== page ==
She said that not every student may need direct clinical service, but all students can benefit from support and developing life skills when those types of resources are readily available and easily accessible.
Similarly, Rob Buelow, MS, senior vice president for EVERFI, discussed how higher education is in a moment of reflection and change, in light of decreased enrollment at many schools, as it reckons with how to provide the value that Generation Z is looking for. This generation is socially conscious and values-based, said Buelow, and those traits bleed into how these students select the colleges they will attend.
A recent study by EVERFI found that 82% of graduating high school seniors who were planning to go to college said that safety, well-being, and inclusion were as important to them as academic rigor when deciding on colleges. But over 40% of those students said they were having a hard time finding out how the colleges they were considering were aligned with their interests in these areas — the policies, procedures, and programs in place to support students.
The prevalence of depression on higher education campuses
Sarah Ketchen Lipson, Ph.D., M.Ed., associate director for the Healthy Minds Network and principal investigator for the Healthy Minds Study, shared during the Gen Zstressed: Student Mental Health in the New Now panel discussion how it isn’t that the COVID-19 pandemic made student mental health issues dramatically worse, but that negative trends have continued during the pandemic.
“We’ve been seeing a consistent increase in the prevalence of depression, anxiety, suicidality, and eating disorders, for the past 10 years — in particular, in the past 5 years,” said Lipson.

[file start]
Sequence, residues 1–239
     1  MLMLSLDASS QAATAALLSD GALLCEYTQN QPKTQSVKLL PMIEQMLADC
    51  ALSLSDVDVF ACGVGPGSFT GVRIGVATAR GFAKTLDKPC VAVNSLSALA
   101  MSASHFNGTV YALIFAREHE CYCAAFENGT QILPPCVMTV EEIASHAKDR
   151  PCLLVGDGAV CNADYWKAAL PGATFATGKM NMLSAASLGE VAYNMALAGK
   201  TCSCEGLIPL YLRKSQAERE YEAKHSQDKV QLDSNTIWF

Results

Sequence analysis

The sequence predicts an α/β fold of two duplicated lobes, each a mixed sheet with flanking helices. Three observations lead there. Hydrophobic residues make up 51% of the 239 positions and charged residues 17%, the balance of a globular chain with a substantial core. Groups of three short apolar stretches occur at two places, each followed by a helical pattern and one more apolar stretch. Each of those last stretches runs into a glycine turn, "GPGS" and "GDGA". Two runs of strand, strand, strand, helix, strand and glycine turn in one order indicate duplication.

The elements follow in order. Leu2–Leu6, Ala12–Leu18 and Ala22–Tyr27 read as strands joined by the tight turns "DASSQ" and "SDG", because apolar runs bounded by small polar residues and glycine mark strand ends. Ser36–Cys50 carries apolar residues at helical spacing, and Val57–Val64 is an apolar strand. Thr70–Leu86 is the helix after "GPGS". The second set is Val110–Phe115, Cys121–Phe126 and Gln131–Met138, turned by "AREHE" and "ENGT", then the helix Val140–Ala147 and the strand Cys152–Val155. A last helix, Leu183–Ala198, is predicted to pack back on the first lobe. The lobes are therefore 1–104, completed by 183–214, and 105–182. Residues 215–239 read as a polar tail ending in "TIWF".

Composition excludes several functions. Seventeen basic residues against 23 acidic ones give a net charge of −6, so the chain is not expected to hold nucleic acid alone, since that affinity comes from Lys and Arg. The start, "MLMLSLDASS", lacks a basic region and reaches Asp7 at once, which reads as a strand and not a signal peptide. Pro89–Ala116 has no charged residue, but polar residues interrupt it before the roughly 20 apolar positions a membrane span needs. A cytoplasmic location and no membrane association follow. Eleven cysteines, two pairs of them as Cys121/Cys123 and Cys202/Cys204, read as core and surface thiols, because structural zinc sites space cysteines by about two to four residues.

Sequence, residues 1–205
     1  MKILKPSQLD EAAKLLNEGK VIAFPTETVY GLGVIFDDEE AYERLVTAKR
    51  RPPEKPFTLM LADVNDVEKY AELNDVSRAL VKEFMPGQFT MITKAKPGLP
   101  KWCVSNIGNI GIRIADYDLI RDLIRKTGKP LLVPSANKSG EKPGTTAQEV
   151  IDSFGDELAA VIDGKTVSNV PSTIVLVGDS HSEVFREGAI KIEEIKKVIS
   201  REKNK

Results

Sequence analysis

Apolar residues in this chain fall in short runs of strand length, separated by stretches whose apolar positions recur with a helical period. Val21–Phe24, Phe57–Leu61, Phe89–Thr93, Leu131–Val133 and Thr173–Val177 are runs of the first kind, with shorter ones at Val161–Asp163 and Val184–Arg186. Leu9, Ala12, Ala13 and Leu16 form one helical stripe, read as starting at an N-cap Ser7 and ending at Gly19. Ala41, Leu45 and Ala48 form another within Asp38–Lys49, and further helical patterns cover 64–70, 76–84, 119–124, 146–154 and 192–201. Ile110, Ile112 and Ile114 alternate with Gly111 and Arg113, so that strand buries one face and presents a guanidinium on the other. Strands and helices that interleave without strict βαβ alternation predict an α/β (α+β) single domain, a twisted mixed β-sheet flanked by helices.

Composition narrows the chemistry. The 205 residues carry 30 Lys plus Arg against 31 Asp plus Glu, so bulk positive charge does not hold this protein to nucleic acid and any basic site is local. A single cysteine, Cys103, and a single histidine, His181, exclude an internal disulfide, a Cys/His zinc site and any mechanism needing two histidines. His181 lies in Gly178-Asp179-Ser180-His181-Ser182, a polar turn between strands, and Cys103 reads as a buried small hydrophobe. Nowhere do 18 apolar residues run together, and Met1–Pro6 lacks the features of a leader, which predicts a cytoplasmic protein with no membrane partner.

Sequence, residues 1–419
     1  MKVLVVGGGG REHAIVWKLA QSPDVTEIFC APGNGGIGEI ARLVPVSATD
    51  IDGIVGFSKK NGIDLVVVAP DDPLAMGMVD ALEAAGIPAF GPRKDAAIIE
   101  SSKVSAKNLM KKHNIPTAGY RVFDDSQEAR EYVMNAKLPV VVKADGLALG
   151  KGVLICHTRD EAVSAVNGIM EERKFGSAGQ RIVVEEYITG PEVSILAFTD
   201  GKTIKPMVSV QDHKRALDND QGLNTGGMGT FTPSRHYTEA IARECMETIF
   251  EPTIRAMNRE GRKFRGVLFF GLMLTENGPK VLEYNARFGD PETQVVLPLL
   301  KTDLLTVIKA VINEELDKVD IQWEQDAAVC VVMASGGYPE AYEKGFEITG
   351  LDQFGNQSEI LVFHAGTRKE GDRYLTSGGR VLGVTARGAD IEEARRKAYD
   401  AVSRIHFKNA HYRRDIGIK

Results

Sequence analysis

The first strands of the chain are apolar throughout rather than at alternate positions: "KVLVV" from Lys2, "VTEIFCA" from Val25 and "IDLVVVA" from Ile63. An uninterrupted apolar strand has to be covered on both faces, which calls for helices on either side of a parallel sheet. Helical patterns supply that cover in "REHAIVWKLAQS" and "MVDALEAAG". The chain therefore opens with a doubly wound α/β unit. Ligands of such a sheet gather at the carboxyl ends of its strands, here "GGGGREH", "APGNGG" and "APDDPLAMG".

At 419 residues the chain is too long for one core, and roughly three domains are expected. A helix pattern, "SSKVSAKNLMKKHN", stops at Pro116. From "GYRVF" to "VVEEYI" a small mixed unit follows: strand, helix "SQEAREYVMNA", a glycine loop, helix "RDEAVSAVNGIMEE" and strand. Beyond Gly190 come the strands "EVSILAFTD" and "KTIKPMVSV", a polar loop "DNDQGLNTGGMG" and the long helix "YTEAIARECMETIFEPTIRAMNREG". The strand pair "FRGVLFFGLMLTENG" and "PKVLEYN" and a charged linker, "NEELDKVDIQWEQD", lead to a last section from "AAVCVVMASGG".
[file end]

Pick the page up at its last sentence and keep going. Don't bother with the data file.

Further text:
The national Healthy Minds study has shown a steady increase in students who screened positive for clinical symptoms of major depression.
Lipson said these trends have also continued during the pandemic for other serious issues like anxiety, suicidality, and eating disorders.
Lipson said what the pandemic has significantly impacted are the key risk and protective factors for these mental health issues, including:
- Sense of belonging is much lower on campus.
- High rates of loneliness due to social isolation
- High rates of discrimination, particularly among AAPI students
- Those who have experienced discrimination have a significantly higher prevalence of screening positive for a mental health problem.
In the fall 2020 Healthy Minds Study, students were asked how their mental health has affected their academics. “In the pandemic, we’ve seen the highest rates of students indicating their mental health has negatively affected their academics,” said Lipson. “As a faculty member myself that really resonates. It has been very hard for students to perform and succeed in their coursework throughout the pandemic. And I think mental health has become even more closely tied to that.”